Pest conferees focus on bed bugs

Lumina News
Thursday, August 11, 2011

Bed bugs dominated talks and presentations at the Carolinas/Mid-Atlantic Summer Conference for the National Pest Management Association held recently at the Holiday Inn Resort in Wrightsville Beach.

Andrea Polanco of the University of Georgia reminded the crowd on Friday, July 29, that the advent of DDT in 1942 eliminated bed bugs from the United States. After DDT was banned in 1972, bed bugs started to return. By 2011, they were back in every state.

Polanco shared research showing that insecticide-resistant strains of bed bugs lived longer than more susceptible strains in most circumstances, but died faster when deprived of food. The longest it took one of her subjects to starve was 135 days, and she disputed the common belief that bed bugs could live up to a year without food.

Jim Fredericks, National Pest Management Association technical director, discussed recent findings of the NPMA Blue Ribbon Bed Bug Task Force. A survey showed 95 percent of pest professionals treating for bed bugs in the last year, and 76 percent said bed bugs were the most difficult pest to control.

On the bright side, Fredericks said, awareness had greatly increased, with 97 percent of Americans recognizing that bed bugs were real, not a nursery rhyme. Unfortunately, that was partly because one in five Americans had come into direct or indirect contact with them, in offices, stores, theaters and hospitals, as well as houses and apartments.

An NPMA word picture showed people's perceptions about bed bugs, with some of the most prominent words being dirty, disgusting, gross, creepy and itchy. However, Fredericks refuted the assumption that the pests were attracted to dirty environments, although dirt and clutter did make them more difficult to eliminate.

He stated that 46 percent of Americans had changed behaviors in some way to control bed bugs, with 29 percent washing new clothing, 27 percent inspecting clothing and luggage after taking trips, 25 percent checking hotel rooms and 16 percent inspecting second-hand furniture. He added that it was a shame that six percent had canceled travel plans, since people didn't need to be afraid of bed bugs, just aware.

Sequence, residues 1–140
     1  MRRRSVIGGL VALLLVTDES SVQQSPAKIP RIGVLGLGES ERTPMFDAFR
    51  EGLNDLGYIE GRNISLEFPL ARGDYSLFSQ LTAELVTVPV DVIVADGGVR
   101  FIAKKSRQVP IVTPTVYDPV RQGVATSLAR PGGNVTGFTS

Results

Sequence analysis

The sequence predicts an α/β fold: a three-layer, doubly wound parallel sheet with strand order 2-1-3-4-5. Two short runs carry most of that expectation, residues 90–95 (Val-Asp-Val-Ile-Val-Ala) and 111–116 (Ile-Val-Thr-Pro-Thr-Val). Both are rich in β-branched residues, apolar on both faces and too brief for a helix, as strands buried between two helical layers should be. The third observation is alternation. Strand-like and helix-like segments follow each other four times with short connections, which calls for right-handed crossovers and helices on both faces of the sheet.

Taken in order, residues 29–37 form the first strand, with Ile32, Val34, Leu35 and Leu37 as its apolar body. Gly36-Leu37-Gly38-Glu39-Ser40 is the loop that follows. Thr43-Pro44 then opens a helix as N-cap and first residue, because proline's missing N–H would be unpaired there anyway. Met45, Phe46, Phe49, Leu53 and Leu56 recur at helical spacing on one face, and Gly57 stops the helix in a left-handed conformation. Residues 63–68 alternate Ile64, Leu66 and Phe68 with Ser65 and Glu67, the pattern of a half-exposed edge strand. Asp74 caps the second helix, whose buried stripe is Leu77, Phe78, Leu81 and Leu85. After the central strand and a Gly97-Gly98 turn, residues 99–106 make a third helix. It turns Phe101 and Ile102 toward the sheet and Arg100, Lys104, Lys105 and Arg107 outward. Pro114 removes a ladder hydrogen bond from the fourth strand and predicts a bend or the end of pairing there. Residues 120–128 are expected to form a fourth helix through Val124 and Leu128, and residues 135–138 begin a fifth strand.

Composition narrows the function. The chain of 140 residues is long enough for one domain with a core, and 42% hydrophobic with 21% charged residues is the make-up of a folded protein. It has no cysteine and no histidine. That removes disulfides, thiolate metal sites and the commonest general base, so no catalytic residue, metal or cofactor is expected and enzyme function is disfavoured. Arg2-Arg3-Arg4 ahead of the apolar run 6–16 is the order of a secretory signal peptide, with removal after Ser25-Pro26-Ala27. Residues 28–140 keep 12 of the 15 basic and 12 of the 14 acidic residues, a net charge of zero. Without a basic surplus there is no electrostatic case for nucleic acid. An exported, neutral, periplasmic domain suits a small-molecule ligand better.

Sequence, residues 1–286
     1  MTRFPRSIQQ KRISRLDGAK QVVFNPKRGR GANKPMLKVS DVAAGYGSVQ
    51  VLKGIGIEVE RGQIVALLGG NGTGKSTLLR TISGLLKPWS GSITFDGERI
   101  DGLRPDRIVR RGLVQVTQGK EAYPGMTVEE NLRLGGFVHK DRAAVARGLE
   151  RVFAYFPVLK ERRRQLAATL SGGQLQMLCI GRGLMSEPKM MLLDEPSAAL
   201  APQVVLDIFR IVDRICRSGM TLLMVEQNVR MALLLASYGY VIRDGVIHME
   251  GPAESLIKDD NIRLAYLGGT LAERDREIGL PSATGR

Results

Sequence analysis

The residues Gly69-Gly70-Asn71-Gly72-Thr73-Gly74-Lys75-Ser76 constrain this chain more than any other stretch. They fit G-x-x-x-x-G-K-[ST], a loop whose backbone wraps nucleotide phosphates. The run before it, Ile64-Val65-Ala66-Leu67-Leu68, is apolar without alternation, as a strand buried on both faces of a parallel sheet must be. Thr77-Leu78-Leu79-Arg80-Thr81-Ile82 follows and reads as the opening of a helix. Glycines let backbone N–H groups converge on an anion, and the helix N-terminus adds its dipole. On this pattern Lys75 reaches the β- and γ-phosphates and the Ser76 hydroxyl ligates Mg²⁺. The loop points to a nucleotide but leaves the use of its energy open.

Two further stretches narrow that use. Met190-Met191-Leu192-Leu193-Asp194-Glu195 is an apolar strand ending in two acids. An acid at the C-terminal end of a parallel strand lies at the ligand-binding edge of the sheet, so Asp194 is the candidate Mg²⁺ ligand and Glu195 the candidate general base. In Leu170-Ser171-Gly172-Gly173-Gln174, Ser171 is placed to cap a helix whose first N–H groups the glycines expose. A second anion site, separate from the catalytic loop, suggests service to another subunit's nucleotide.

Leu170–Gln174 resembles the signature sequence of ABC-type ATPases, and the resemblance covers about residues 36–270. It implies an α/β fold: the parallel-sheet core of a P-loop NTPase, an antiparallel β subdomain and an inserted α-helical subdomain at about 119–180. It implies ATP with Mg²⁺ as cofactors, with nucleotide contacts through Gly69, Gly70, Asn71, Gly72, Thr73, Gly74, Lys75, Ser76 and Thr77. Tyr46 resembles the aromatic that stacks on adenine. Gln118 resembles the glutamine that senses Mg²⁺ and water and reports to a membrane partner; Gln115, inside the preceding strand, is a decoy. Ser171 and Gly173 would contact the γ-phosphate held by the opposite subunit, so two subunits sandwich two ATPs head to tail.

Margaret Pfiester-Lehnert of Clemson University discussed research indicating that pregnant female bed bugs were more likely to disperse instead of aggregating with other bed bugs, which implied how single hitchhikers in luggage could spread infestations. She added that spraying alarm pheromones made chemical treatments more effective, although the pheromones were not yet commercially available.

Vendor exhibits lined a corridor and filled a room at the hotel.

One exhibitor, Jeff Vannoy of BASF Pest Control Solutions, talked about the natural products his company sold for pest control, including diatomaceous earth and plant oil sprays. He said orange oil was viscous enough to suffocate some insects, while lemongrass oil was a natural insecticide.

The essential oils were environmentally friendly because they didn't leave any significant residues; because of that, frequent applications might be needed, or they could be mixed with reduced-risk chemicals. Ultimately, he said it was important to combine good training, equipment and products and apply insecticides where bugs are found instead of spraying indiscriminately.

Lee Smith of Rid-A-Pest in Morehead City said that the North Carolina Pest Management Association conferences always included new and interesting information.

"It's a prime time to get new research information," he said, explaining that attendees took what they learned home and used it to serve the public better.

Smith added that Wrightsville Beach was a very family-friendly location. It also helped that it was a central site between Virginia and South Carolina.

Kristin Dodd, past president of the NCPMA, explained that the conference was a joint meeting including about 300 members of NCPMA, the Virginia Pest Management Association and the South Carolina Pest Control Association. Whenever the conference was held at Wrightsville Beach, she said, it was very well attended.